I was very glad I hadn't given up when the war started, and the author finally started talking about some other people's lives for a change. I don't want to give too much away here, but the real survival story begins about halfway through, and the book suddenly becomes both gripping and emotionally moving. I was wary at the first mention of religious dogma, but it was relatively brief, so I gave it a pass and moved on.

    My favorite section by far was the recounting of the POW experience. It's unbelievably detailed, offers both an immediate picture and a summary of the war's progress worldwide, and just very well written overall. If was the whole book right there, with nothing before or after, this would be one of my favorite books. I gave it four stars on that basis alone. However, the war eventually ends and then it's back to the Louie show, and he's even less likable or relatable now. When Billy Graham is introduced at the end of the book as a grassroots messiah, I could see that everything was going to be wrapped up in a nice little package of faith, and I stopped listening with only about an hour left.

    In summary: you'll probably love this book if you're a pious type. I can certainly handle discussions of religion in general, but I don't like being told what to think. This is truly a remarkable story of a remarkable life; it just rubbed me the wrong way.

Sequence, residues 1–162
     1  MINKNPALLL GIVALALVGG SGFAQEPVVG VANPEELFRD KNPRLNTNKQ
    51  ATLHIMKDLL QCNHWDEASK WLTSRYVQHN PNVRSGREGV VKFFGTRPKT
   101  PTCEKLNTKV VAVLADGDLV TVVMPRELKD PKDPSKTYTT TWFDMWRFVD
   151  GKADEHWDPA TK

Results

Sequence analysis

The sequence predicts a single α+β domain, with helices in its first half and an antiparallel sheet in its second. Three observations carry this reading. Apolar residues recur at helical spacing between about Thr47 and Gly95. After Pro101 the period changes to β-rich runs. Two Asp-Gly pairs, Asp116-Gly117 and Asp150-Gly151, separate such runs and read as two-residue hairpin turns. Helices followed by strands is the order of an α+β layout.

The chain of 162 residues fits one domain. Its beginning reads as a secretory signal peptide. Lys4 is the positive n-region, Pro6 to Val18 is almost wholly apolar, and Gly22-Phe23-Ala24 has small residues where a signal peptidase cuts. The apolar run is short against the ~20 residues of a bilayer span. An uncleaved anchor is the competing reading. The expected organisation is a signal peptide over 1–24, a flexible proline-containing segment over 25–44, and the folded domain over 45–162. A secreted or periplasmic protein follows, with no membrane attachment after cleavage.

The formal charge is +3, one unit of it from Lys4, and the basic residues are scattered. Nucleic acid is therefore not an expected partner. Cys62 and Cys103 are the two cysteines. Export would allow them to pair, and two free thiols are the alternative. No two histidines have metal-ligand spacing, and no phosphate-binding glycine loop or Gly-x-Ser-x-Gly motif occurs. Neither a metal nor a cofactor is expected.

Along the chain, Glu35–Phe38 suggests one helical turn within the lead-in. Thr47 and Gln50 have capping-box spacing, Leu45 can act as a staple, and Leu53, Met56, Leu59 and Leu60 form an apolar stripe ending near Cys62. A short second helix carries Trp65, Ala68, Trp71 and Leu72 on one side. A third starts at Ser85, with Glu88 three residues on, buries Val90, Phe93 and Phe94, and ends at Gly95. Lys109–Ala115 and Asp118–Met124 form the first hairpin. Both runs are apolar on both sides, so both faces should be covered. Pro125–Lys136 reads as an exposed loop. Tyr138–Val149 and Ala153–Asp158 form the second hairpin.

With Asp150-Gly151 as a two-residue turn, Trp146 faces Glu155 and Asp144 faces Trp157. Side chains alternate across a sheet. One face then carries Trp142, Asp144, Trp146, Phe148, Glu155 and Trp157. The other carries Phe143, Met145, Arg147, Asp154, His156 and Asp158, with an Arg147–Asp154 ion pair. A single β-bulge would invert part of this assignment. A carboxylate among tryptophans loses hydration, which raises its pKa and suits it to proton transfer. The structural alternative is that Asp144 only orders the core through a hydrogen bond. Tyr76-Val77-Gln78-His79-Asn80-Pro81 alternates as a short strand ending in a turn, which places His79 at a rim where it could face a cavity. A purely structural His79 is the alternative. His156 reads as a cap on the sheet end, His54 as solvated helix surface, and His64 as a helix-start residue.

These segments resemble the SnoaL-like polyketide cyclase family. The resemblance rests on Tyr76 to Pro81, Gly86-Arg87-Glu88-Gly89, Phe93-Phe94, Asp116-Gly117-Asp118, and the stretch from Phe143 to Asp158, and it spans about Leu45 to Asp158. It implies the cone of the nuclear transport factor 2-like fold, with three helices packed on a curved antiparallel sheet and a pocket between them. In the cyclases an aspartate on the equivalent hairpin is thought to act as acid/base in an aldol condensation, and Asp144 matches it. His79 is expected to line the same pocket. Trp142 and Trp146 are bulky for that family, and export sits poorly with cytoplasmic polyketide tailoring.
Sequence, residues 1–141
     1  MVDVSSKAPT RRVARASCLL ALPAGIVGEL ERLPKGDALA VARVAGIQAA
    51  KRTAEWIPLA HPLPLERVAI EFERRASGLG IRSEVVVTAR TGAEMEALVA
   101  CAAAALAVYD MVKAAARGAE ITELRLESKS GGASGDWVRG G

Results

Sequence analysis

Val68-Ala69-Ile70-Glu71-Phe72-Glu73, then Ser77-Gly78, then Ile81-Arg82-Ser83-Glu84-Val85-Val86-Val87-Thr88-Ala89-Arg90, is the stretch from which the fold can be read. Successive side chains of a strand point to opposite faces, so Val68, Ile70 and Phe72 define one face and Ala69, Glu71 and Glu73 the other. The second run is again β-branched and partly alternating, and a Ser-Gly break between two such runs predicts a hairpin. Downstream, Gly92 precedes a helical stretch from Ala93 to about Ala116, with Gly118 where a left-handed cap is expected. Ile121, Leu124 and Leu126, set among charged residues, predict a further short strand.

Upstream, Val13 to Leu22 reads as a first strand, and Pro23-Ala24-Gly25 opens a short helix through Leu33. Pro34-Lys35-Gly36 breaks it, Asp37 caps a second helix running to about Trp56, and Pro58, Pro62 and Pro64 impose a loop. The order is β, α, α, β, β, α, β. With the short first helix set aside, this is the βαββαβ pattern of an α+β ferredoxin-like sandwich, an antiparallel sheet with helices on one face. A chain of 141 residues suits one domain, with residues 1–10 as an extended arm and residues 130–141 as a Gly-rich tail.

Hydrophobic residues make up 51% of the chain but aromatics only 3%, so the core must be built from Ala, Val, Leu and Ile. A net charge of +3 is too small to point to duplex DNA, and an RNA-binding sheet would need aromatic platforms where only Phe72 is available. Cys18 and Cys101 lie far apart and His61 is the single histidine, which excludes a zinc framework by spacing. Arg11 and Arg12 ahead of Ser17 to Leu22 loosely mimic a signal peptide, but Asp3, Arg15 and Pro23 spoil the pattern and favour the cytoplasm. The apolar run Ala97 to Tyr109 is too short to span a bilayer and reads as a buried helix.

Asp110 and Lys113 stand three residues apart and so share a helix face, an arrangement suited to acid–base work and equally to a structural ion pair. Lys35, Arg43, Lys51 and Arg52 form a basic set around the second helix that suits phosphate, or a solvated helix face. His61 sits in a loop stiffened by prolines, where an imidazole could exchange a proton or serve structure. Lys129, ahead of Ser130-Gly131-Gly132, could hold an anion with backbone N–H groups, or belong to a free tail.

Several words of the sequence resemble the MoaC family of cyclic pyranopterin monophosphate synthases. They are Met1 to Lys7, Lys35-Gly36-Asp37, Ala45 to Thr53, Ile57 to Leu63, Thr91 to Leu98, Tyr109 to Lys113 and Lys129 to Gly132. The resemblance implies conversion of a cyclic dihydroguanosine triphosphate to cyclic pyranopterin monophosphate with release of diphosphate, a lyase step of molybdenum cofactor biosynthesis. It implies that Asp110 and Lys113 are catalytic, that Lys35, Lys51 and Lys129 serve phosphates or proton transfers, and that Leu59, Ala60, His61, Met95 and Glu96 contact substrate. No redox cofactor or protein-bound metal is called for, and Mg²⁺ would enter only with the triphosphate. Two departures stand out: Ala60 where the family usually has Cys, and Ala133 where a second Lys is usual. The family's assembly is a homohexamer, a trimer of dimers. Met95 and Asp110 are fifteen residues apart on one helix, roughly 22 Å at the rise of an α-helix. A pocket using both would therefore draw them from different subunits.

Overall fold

4 of 4 people found this review helpful
  • The Drunkard's Walk: How Randomness Rules Our Lives

    • UNABRIDGED (9 hrs and 19 mins)
    • By Leonard Mlodinow
    • Narrated By Sean Pratt
    • Whispersync for Voice-ready
    Overall
    (2619)
    Performance
    (1547)
    Story
    (1522)

    In this irreverent and illuminating audiobook, acclaimed writer and scientist Leonard Mlodinow shows us how randomness, chance, and probability reveal a tremendous amount about our daily lives, and how we misunderstand the significance of everything from a casual conversation to a major financial setback. As a result, successes and failures in life are often attributed to clear and obvious causes, when in actuality they are more profoundly influenced by chance.

    Joshua Kim says: "Very Very Smart"
    "Never would have thought I'd like a book on math"
    Overall
    Performance
    Story

    As someone who has never liked math or found it particularly applicable to my own daily life, I wish I had read this book a long time ago. Not only did it clarify some of the concepts of probability and statistics that never really made sense to me, it also planted seeds of interest in fields of study I'd never heard of, such as forensic statistics. Mlodinow does a fantastic job of exploring the balance between order and randomness in popular arenas like Hollywood and the sports world, and somehow manages to make the history of these branches of mathematics interesting and humorous. I plan to revisit this book in the future to see whether its lessons will hold a different meaning at a different point in my life and in the world.

    3 of 3 people found this review helpful
  • The Gift of Fear: And Other Survival Signals that Protect Us from Violence

    • ABRIDGED (3 hrs)
    • By Gavin de Becker
    • Narrated By Gavin de Becker
    Overall
    (421)
    Performance
    (230)
    Story
    (228)

    Seattle Customer says: "Try Unabridged Version"